According to a recent IDG survey, 94% of applications at large organizations are reliant on underlying infrastructure. This is a big problem.
Any organization that does not standardize underlying architecture patterns drains the productivity of developers (while code is rewritten to support the development lifecycle) and limits the ability of IT operations to be agile. How can an organization make a strategically important decision, like changing vendors or adopting public IaaS, if all applications are written with infrastructure dependencies? They can do it, but not without killing innovation.
The easiest and most impactful way to address the challenges faced by applications being dependent on underlying infrastructure is to cloud-enable them and thus abstract them from one another. Applications then gain frictionless movement between the public cloud, internal clouds, and other non-cloud infrastructure. For example, moving dev/test applications from public clouds to private clouds when going into production, or consolidating data centers and moving apps from old to new hardware.
Whether enterprises are cloud-enabling existing applications or writing new cloud-native ones from scratch, Private Platform as a Service (PaaS) presents one of the best methods of abstraction. It is therefore a key enabler for cloud interoperability and application portability.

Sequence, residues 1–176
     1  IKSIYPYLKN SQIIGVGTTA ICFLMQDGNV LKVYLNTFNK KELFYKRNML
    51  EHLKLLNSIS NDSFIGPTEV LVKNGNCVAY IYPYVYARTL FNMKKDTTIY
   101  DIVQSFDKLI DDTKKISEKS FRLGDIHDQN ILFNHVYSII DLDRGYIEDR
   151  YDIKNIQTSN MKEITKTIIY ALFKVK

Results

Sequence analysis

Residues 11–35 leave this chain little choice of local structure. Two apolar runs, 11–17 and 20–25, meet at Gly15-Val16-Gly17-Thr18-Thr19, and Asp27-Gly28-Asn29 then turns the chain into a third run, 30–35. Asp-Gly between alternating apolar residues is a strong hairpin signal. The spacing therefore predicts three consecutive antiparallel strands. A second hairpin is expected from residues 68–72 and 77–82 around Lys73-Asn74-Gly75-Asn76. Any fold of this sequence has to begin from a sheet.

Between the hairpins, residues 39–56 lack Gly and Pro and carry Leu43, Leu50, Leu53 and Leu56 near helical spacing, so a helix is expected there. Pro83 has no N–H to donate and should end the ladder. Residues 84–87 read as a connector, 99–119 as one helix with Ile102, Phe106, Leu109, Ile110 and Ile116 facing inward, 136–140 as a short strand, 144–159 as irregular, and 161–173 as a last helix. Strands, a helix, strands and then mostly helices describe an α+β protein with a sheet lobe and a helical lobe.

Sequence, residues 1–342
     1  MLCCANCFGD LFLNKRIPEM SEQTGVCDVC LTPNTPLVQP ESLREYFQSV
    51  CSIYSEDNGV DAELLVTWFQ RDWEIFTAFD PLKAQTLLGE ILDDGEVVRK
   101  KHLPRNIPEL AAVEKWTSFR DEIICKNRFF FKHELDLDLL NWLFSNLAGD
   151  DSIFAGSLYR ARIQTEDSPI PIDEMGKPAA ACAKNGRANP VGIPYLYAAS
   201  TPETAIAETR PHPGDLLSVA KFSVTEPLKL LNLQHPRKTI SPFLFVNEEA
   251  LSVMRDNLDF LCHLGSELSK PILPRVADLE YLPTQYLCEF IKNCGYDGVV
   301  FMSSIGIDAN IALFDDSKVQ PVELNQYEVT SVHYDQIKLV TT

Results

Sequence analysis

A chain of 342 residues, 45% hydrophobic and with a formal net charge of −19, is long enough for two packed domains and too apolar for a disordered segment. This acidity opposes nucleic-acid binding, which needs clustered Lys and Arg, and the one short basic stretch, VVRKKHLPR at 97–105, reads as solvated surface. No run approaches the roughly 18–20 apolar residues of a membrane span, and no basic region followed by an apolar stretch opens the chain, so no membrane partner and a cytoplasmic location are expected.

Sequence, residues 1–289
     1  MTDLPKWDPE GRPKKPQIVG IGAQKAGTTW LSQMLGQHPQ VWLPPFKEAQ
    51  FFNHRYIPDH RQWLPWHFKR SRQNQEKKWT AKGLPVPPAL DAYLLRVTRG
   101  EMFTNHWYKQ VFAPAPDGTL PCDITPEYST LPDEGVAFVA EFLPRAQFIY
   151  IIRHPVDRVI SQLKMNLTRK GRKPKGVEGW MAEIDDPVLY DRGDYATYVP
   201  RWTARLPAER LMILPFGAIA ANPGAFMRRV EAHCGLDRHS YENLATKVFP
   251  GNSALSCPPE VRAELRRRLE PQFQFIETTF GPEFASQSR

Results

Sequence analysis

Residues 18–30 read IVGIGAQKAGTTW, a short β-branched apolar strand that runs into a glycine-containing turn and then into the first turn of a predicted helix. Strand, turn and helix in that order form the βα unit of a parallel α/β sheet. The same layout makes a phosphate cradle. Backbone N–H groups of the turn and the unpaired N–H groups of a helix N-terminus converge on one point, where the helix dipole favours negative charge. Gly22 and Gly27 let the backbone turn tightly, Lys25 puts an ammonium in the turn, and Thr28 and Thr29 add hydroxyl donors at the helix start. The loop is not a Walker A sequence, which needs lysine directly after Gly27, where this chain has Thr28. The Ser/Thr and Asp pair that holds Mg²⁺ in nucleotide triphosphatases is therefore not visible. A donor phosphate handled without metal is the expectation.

While abstraction is the solution, not all Private PaaS solutions are created equal. Some do not support the modernization of existing applications while others do not allow cloud interoperability or application portability in their truest form, by prescribing which types of infrastructure the applications can and cannot move between. While those particular PaaS solutions will argue that its clouds are interoperable and its applications are portable, there is usually a requirement for the applications to use very specific tools (VMware or Ubuntu, for example). Making these tools a requirement is sometimes based on the technical limitations of their platform, and other times due to corporate strategy or internal politics.
Apprenda believes this requirement is not compatible with the real-world complexity of the enterprise IT landscape and, worse still, opens up the possibility of a locked-in enterprise stack. Apprenda believes in giving enterprises more options, not limiting them.
We are seeing more and more organizations becoming acutely aware of this situation. We estimate cloud interoperability is the key requirement in over 40% of Apprenda’s current engagements. Furthermore, we are seeing that when technical comparisons are being made, organizations are realizing that not all PaaS solutions actually address the core problem and contain dependencies of their own.
The good news for the PaaS industry is that large organizations are realizing that they need to abstract their applications from their infrastructure and that PaaS can enable it. The better news for Apprenda is that large organizations realize they need to choose their PaaS solutions carefully.